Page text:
A year ago today, our region was deluged by the remnants of Hurricane Irene, which left a path of destruction along the east coast that few of us will forget.
The Passaic River Basin and the people who live here were especially hard hit as torrents of water crashed over their banks and into people’s basements and livings rooms. Homes were destroyed and memories washed away. Businesses were closed and people lost more than possessions—they lost income and the comfort from knowing their homes are safe. The waters took weeks to recede and putting lives back together took a lot longer.
It’s a year later now and unfortunately none of us can say with any certainty that the next Irene that comes barreling up the coast will not have the same results.
In the past year we repaired damaged roads and bridges and helped people repair their homes and businesses. But not nearly enough has been done on a regional basis to protect us from another deluge and give people the safety they deserve.
Flooding is becoming more frequent in Fairfield, Lincoln Park and Parsippany and moving into areas that have not flooded in decades. We must face the reality that our flooding problems are not going away.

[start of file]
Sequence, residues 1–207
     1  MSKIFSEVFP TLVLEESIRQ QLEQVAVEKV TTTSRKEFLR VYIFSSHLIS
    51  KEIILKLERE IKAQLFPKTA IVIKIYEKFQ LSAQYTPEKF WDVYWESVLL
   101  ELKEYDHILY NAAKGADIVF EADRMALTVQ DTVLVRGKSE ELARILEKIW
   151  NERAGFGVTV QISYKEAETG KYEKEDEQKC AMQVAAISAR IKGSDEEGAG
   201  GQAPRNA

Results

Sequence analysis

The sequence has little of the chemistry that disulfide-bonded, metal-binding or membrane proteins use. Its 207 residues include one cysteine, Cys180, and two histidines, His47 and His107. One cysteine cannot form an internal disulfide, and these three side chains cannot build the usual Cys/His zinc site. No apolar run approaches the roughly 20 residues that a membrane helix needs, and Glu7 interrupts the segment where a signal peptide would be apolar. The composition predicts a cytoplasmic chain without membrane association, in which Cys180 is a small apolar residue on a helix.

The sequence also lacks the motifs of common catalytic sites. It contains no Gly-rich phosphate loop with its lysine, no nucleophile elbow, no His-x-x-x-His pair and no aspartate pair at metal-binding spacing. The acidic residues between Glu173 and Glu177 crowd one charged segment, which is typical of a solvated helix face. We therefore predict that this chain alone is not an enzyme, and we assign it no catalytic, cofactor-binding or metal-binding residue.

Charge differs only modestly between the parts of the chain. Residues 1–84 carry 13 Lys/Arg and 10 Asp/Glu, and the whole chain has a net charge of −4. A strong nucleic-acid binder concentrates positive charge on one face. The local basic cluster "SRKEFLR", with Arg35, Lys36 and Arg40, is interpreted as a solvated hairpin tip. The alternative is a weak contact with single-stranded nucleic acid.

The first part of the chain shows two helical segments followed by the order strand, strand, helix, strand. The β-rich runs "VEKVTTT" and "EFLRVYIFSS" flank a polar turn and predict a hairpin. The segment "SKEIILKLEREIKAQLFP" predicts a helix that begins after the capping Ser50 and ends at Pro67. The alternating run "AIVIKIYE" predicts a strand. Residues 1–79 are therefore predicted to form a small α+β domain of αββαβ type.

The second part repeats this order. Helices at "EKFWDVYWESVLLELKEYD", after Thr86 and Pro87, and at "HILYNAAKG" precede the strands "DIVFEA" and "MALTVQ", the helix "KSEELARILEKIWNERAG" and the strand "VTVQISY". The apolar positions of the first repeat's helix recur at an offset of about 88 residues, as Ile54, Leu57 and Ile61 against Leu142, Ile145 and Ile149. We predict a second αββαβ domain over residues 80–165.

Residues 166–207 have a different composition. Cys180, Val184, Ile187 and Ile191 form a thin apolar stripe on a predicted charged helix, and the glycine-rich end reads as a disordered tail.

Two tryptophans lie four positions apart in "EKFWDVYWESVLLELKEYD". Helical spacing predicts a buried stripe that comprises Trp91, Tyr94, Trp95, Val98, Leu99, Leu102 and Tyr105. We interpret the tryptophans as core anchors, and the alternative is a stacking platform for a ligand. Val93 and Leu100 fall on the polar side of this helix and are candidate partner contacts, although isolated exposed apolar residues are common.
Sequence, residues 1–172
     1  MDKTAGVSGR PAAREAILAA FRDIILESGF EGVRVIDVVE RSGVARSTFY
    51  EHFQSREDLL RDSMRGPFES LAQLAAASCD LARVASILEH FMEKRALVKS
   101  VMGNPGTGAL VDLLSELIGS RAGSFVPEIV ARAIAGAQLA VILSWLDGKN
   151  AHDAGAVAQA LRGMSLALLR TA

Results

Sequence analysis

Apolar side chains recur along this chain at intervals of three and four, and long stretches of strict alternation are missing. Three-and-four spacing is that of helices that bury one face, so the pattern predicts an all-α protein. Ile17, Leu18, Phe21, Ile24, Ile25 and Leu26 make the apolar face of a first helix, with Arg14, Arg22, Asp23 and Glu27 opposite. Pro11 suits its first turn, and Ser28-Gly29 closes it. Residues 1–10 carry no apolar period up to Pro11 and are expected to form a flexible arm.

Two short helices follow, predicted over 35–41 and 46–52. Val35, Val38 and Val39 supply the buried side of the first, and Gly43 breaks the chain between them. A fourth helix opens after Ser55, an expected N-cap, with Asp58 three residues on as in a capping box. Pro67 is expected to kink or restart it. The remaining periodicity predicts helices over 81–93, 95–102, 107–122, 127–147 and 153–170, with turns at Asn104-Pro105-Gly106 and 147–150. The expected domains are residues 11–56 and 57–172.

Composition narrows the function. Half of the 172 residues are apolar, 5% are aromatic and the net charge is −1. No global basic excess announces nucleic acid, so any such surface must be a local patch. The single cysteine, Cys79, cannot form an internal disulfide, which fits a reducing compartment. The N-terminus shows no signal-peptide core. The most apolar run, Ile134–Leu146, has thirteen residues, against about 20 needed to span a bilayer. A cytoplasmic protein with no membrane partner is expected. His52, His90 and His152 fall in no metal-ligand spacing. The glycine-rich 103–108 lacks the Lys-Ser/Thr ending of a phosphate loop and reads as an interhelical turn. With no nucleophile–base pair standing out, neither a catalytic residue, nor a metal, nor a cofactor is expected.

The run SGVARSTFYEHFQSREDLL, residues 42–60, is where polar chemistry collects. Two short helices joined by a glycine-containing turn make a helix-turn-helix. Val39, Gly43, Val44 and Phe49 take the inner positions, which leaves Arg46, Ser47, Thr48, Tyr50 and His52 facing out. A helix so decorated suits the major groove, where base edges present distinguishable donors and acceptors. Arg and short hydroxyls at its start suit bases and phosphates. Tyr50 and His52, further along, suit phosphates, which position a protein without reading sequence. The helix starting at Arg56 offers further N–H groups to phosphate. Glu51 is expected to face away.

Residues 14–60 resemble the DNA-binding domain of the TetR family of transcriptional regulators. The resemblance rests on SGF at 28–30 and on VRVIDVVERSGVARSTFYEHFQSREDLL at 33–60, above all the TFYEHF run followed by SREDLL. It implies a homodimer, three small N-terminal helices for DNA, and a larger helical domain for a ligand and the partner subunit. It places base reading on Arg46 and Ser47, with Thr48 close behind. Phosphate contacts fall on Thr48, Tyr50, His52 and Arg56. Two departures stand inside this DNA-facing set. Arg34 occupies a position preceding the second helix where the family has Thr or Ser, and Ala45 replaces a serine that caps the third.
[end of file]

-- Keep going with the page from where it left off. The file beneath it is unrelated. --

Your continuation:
While some measures have been taken to protect residents, such as buying out the most flood-prone homes, the state and federal governments cannot buy out all the homes and business that are threatened by torrents on the scale of Irene.
Even if the government had the money to buy out all the properties that were flooded, our municipalities would become ghost towns and or local economy would suffer a staggering loss of jobs and income.
There must be more urgent work on permanent solutions to flooding by the combined efforts of all levels of government. We need to explore fully, the investment in flood walls, and levees – as well as dredging our rivers and streams. We need to invest in protecting our communities and saving lives.
And we need to let Washington know that we oppose the end of federal subsidies for flood insurance for hard working homeowners. Depriving our residents of affordable flood insurance will place upon them an awesome financial burden that will be ruinous to many.
A lot can happen in a year, but not enough has happened to give our residents the peace of mind that the next rain storm or hurricane will not wash away their homes and businesses. A year is not long enough to wash away the painful memories of Irene.
Asw. BettyLou DeCroce, 26th District